I would say one of my favorite, (and arguably the most gorgeous aspect of the game) comes from the worlds that you play in as you progress through the story. While the story isn’t very immersive and feels a little like fluff to keep the game moving, the worlds are lush, interactive aspects that really immerse you into what they have to offer. Little critters can be swooped across to perform musical chirps and squeaks, the environment can be rustled and tapped on, it just accentuates the fact that you are truly playing in a world full of music. And speaking of music, let’s move on to that aspect shall we?
Reading the title of the game, I had initially expected to be performing a lot of Disney Music tracks and singles. What I got instead was a versatile soundtrack of some of music’s greatest classics, all bundled into a really entertaining game to play them on.
The variety of tracks is absolutely astounding, with songs from a plethora of genres heading the list, including simple pop billboard hits like Lady GaGa’s “Applause,” to gorgeous classics like Pyotr Tchaikovsky’s “The Nutcracker Suite.”
The soundtrack of the game did not disappoint in the mixes it offered either. There was something relatively pleasing about being able to take songs like “Radioactive” by Imagine Dragons, and being able to manipulate the synth of the game with my own instrument performing during the interactive mini-game. As someone who loves the sound of electronic music, being able to bring even more techno and wubs into the mix is something I live for. Not to mention, it really helps bring in some replay value to the songs. Not just for the sake of getting a higher score, but also making you think, “I wonder how else I can mess with the song, and how it’ll be different if I try it this way.”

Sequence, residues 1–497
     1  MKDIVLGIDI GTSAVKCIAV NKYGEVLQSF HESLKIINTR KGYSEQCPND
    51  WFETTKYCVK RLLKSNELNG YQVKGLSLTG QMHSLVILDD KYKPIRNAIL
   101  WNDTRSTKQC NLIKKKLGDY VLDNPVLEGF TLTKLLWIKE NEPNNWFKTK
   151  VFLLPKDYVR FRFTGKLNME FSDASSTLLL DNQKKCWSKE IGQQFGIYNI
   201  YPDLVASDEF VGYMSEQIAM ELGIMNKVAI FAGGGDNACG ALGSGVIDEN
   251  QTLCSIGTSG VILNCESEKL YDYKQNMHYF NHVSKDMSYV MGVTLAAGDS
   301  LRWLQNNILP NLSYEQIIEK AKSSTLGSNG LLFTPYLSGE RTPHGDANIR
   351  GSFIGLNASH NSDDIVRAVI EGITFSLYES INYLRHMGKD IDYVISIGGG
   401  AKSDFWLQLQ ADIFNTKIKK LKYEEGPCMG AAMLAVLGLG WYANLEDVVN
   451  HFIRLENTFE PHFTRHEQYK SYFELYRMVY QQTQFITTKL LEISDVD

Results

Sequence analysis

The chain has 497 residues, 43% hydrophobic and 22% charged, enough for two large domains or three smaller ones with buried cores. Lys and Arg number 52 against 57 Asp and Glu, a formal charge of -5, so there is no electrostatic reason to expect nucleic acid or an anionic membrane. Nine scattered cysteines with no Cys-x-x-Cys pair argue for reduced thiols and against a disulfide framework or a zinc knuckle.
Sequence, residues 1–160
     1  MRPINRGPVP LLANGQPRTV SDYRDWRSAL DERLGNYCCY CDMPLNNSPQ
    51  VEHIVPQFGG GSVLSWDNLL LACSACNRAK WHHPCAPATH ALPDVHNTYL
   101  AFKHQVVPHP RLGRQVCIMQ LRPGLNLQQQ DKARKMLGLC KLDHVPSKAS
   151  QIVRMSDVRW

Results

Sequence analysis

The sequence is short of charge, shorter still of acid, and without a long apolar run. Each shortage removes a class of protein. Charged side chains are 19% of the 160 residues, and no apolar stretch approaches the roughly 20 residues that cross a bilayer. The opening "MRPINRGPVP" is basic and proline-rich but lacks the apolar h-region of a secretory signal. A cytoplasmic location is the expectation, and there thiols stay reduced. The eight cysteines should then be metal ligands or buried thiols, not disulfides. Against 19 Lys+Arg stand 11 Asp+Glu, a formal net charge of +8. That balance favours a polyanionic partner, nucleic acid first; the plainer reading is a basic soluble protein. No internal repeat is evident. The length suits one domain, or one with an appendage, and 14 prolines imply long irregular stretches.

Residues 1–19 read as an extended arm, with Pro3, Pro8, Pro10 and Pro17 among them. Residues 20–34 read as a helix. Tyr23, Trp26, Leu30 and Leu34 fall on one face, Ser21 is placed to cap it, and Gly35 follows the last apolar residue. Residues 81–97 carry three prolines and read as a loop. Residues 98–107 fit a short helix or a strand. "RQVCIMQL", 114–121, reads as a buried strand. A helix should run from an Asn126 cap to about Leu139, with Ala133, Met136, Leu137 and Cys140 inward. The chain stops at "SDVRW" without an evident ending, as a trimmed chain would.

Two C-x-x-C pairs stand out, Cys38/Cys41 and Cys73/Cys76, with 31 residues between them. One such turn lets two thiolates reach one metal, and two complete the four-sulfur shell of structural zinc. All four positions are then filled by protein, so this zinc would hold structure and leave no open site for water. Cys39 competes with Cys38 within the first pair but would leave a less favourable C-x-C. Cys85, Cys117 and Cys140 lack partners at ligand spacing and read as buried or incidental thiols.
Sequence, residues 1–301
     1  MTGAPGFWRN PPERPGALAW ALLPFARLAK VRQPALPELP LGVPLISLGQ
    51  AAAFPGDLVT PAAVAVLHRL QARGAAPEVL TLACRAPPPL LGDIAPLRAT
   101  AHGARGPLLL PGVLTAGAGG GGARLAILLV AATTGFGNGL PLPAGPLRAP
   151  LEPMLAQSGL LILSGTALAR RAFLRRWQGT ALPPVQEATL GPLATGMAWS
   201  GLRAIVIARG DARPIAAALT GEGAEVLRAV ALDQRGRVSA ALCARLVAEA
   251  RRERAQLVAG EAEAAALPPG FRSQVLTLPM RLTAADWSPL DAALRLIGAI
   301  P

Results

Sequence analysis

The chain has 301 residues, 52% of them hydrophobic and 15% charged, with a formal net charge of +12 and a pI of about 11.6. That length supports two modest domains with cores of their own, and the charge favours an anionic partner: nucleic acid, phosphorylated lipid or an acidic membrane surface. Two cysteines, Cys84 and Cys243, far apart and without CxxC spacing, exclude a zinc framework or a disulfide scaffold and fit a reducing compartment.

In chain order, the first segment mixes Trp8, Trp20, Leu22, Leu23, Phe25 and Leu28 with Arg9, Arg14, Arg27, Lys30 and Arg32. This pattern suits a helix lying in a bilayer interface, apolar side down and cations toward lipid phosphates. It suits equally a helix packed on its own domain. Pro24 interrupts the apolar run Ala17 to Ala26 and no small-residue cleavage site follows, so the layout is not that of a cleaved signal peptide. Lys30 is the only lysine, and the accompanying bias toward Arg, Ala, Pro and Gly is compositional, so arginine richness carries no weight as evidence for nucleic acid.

The story elements are probably the roughest part of the game. You play the game as Yen Sid’s apprentice, combatting an evil known as, “The Noise.” The Noise is attempting to take all of the color and sound away from the world, and it’s your job to restore the beauty and vibrancy back into the world. That’s… really all there is to it. Granted it’s a music game and a story only really helps to move things along, for a game with a Disney title on it, I’d have expected a lot more magic and flourish to take me along through the levels. There aren’t any other real cameos from famous Disney faces like Donald or Goofy, so do not expect this to be the Kingdom Hearts musical you may or may not have been hoping for.
+ Gorgeous and immersive music
+ Beautiful visuals
- Floaty Controls that sometimes work, sometimes don't
- Lackluster story
The presentation of Fantasia is beautiful. The musically charged game play had me absorbed in my time playing it, and I feel as though the game knows exactly what it is, and proves to be a great music game.
The game play of Fantasia is just fun. The swooping controls are easy to get into, and fun to play with people. While they can be a little shaky, it doesn't stop you from really enjoying what Fantasia has to offer.
Fantasia is a great party game. It was definitely made as the kind of game to gather a few friends and have a good time playing some good music. It's the kind of game you can just come back to every once in awhile for a good music session, or just calm down and enjoy the ride. That being said, it's most certainly not for someone that doesn't have the opportunity to share the experience with someone, which can really hinder the lasting quality of the game.
out of 10
(not an average)
Fantasia was a treat to play. I had a lot of fun going back and playing songs i'd loved as a kid like "Bohemian Rhapsody," or mixing up some of today's singles like Lorde's "Royals." Fantasia is a great party game to play with some friends, and really shows that Harmonix can continue to put out quality music experiences for people to enjoy. Not to mention, it's another game that I feel really utilizes the Kinect in a way that actually makes it an enjoyable peripheral to have.